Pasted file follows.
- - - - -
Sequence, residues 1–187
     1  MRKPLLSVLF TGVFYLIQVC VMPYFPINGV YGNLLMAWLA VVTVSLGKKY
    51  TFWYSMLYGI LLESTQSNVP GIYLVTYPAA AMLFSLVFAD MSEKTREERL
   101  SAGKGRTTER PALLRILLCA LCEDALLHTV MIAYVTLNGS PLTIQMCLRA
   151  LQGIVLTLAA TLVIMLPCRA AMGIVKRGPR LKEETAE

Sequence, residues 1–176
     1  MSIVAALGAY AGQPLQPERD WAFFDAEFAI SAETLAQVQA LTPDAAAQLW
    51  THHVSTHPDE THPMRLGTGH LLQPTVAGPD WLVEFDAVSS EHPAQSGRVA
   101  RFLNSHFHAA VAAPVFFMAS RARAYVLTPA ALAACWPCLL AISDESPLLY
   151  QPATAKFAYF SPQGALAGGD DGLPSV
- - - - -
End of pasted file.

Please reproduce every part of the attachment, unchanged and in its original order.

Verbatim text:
Sequence, residues 1–187
     1  MRKPLLSVLF TGVFYLIQVC VMPYFPINGV YGNLLMAWLA VVTVSLGKKY
    51  TFWYSMLYGI LLESTQSNVP GIYLVTYPAA AMLFSLVFAD MSEKTREERL
   101  SAGKGRTTER PALLRILLCA LCEDALLHTV MIAYVTLNGS PLTIQMCLRA
   151  LQGIVLTLAA TLVIMLPCRA AMGIVKRGPR LKEETAE

Sequence, residues 1–176
     1  MSIVAALGAY AGQPLQPERD WAFFDAEFAI SAETLAQVQA LTPDAAAQLW
    51  THHVSTHPDE THPMRLGTGH LLQPTVAGPD WLVEFDAVSS EHPAQSGRVA
   101  RFLNSHFHAA VAAPVFFMAS RARAYVLTPA ALAACWPCLL AISDESPLLY
   151  QPATAKFAYF SPQGALAGGD DGLPSV